Weather Tidbits: Autumn Equinox & Daylight Loss
This Weather Tidbits answers the question why daylight loss is faster during the autumn equinox. The autumnal equinox begins in the northern hemisphere at 3:21 pm on Wednesday, September 22. This means that day and night are nearly equal; with the sun focused over the equator.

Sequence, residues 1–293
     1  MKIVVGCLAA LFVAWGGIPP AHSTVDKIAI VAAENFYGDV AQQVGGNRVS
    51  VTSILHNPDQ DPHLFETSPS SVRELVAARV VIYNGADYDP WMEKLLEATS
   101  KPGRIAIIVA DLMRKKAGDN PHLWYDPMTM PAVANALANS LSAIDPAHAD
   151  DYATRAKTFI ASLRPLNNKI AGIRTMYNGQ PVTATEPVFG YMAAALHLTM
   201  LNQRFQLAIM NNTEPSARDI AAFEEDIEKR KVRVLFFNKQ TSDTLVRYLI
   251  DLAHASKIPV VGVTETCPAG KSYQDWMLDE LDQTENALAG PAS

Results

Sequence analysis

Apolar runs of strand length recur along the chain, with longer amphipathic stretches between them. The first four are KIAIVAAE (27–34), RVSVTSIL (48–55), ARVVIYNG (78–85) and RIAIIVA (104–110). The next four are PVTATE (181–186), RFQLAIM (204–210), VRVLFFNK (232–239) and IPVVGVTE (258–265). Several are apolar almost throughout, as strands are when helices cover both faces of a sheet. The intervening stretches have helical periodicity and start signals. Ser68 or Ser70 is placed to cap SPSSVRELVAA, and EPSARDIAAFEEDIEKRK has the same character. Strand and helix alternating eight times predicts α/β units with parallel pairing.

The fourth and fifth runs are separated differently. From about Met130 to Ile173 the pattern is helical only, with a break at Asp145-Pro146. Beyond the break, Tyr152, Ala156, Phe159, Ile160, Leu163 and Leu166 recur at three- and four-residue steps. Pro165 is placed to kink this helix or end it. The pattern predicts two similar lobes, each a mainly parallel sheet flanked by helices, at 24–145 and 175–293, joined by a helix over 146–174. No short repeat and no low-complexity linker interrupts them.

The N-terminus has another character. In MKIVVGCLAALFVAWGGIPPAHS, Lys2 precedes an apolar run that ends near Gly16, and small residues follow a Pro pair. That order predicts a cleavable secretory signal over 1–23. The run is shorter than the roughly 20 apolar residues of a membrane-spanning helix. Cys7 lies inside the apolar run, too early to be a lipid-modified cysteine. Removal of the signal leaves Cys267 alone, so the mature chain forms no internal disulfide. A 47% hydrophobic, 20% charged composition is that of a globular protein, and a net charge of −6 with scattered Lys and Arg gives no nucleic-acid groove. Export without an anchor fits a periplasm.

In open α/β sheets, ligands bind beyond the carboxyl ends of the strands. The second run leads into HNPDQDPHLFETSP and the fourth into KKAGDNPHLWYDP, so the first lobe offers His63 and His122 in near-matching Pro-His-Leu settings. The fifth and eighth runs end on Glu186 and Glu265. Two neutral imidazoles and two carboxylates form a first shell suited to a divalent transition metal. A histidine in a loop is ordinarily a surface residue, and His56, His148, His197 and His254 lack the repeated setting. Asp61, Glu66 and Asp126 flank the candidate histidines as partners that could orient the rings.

The reason we lose daylight quickly in the autumn equinox is due to the earth’s tilt, the speed of revolution around the sun and the Earth’s elliptical orbit. The best way to explain how daylight amount changes is with a pendulum that is swinging; which represents the year, with the ends being autumn & spring, and the middle being summer & winter. When the pendulum is near its end, its at its fastest rate of change which is right now for us with the equinox; but when its in the middle, it’s at its slowest rate of change which are the solstices. The days are getting shorter; but by late October it will begin to slow down from one day to another towards winter. Remember, this fast rate of daylight will happen again in 6 months in March but with more increased daylight each day.